The Best Conceived Cards of Theros by Clinton Shaffer

The Best Conceived Cards of Theros by Clinton Shaffer

The Best Conceived Cards of Theros

So, I am a little late, but I thought that I would put together a little review of the best cards of Theros in regards to their concepts. My standards, as discussed in my previous article about the aesthetics of MTG cards, have nothing to do with playability, so, if you are looking for a review of the best cards of Theros, you should stop reading right now.

In this article, I look at some of the best conceived cards of the set by evaluating how the card’s artwork, text and mechanics work together to make a unique and collectible item.

Initial Thoughts

Overall, I thought the concept of the set, which is derivative of Greek mythology, was pretty interesting and well-done. In contrast to the bland filler of the Core Set and the underwhelming final addition to the previous Ravnica block, Theros provided a breath of fresh air. While it has the apparently inescapable junk cards scattered throughout, there are actually a lot of original and creative cards in Theros.  With that in mind, let’s take a look at some of them.

Coordinated Assault


Alright, so Coordinated Assault is an underwhelming uncommon that does not see constructed play, but it is a good start for evaluating card concepts. This red instant is an exemplary MTG card because the card’s title, mechanics and flavor text all work cohesively, and it is supplemented by some pretty good artwork to boot.

The flavor text is certainly not the most interesting excerpt that I have ever read, but it still reinforces the title and function of the card: two creatures, working in coordination, gain an increase of power and first strike, enabling them to strike before a defender can raise their guard.

The fact that the spell is efficient and targets two creatures is also relevant because it works synergistically with the Heroic mechanic, which is contingent upon a creature getting targeted by a spell you control.

Gift of Immortality


So, Gift of Immortality‘s mechanics are somewhat clunky, which relegates the card to casual play, but, I think that it is another conceptually well-developed card. While it does not have any flavor text (which is probably for the best), the card’s title, type and mechanics work in perfect unison in actual gameplay and in relation to the other ‘immortal’ cards printed in this set.

In close similarity to the ‘Gods’ of Theros, Gift of Immortality is an enchantment that has a nagging propensity to stick around. The key difference is that this is not an overwhelmingly powerful, indestructable and legendary enchantment/creature. Instead, this gift from the Gods grants a ‘mortal’ creature the ability to be as existentially stubborn as Thassa with her tide of cronies.

I might be a little biased in regards to this card because it happens to be a perfect fit for my Uril, the Miststalker EDH deck (Uril will be one happy dude.), but that does not change the fact that Gift of Immortality is a well though-out card complemented by some respectable artwork.

Shipwreck Singer


One cannot create a MTG set based on Greek mythology without incorporating a siren, and, fortunately, the creative department at Wizards delivered. Although Shipwreck Singer is a relatively weak card, it still has the mechanics that effectively mimic the Sirens, creatures that lured adventurers to their doom with their beautiful melodies (Or, in the case of O’brother Where Art Though?, lure them in and turn them into toads). Shipwreck Singer even has a secondary activated ability that helps to facilitate the lured creature’s demise.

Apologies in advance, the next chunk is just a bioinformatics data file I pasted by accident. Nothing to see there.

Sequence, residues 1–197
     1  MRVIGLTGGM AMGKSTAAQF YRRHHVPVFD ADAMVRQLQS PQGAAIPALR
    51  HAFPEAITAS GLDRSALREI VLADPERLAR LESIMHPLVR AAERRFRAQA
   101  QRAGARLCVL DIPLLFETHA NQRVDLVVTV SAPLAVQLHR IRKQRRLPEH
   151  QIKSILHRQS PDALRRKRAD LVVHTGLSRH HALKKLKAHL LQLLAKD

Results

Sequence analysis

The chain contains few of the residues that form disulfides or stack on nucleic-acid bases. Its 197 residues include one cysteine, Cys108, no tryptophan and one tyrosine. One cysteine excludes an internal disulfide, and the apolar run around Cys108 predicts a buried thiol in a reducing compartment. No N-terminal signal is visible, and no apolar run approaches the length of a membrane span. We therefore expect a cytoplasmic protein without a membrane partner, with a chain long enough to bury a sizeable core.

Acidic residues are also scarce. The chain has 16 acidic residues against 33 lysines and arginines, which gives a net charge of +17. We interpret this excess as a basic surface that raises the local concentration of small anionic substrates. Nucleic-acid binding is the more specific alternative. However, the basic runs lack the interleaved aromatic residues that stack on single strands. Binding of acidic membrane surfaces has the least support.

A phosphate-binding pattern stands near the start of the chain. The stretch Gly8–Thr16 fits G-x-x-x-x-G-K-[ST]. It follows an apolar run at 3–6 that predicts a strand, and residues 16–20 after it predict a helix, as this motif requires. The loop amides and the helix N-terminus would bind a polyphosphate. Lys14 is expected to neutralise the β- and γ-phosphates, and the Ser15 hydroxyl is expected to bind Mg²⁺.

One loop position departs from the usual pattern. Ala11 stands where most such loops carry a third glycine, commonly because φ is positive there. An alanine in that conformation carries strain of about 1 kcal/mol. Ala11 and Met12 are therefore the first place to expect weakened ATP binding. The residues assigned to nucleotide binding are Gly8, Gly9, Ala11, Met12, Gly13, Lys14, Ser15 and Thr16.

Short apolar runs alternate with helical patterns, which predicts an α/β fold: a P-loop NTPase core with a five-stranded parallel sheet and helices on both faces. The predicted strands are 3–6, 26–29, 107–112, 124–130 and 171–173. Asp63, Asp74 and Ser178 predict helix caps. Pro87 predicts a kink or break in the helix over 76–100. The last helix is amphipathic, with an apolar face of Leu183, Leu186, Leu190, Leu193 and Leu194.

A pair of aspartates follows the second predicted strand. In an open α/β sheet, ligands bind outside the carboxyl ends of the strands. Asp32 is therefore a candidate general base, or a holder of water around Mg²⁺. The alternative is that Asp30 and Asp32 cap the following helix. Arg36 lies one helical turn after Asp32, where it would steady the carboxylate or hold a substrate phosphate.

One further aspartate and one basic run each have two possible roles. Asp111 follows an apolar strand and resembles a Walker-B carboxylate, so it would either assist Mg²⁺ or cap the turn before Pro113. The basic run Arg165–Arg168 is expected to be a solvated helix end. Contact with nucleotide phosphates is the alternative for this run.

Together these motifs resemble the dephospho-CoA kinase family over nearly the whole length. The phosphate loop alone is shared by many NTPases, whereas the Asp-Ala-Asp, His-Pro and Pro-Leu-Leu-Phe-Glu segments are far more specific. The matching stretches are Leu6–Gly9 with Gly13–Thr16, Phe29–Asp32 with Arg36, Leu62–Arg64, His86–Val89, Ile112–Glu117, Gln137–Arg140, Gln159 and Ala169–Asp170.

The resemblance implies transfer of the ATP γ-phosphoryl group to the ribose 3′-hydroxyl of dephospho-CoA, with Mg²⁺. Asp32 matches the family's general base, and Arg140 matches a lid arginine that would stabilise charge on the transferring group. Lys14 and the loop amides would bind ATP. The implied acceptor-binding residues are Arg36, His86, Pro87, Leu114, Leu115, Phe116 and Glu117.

The artwork is also fitting, as it shows a siren in the foreground and the vessel that has been charmed into shipwreck in the background. The flavor text on the card also adds some nice commentary on the Siren’s medley of death and beautiful melodies.

Swan Song


While we are on the subject of song, another card from Theros that is conceptualized around a melody is Swan Song. I think that it was the artwork that sold me on this one, as the card features a beautiful image of a spell being transformed into what must be one Hell of a big bird (a 2/2 Swan?).

I really like the unique point-of-view that the artwork offers, which seems to be from an inverted underside view. It is almost as if the point-of-view is from someone below with his or her head craned in admiration.

The card’s mechanics and flavor text are also fitting, as the player who casts Swan Song essentially turns what could be a violent and devastating spell into a picturesque, soaring bird. Unfortunately, that big bird will be flying down at that player’s head next turn.

Hero’s Downfall


An instant speed Dreadbore for three? Check.

An excellent card for standard? Check.

An excellent concept with cool artwork, interesting flavor text and mechanics that fit perfectly within gameplay and the overall set? Check.

Although it essentially builds off of the foundation of Hero’s Demise which slightly takes away from the card’s originality, Hero’s Downfall is a great example of a MTG card that works in perfect cohesion, and the fact that it is valuable and highly playable makes this card that much more satisfying.

Ashiok, Nightmare Weaver


So, I will forgive the fact that this planeswalker is vaguely reminiscent of Lord Voldemort, just because the artwork is well done and the mechanics make sense. On top of that, it is a new and original planeswalker (that isn’t a Satyr).

I have been away from the game for a while, but I am already sick of the bland variations of Elspeth, Jace and their other, redundant contemporaries in the multiverse. I mean, it is a multiverse (like a whole bunch of universes), right?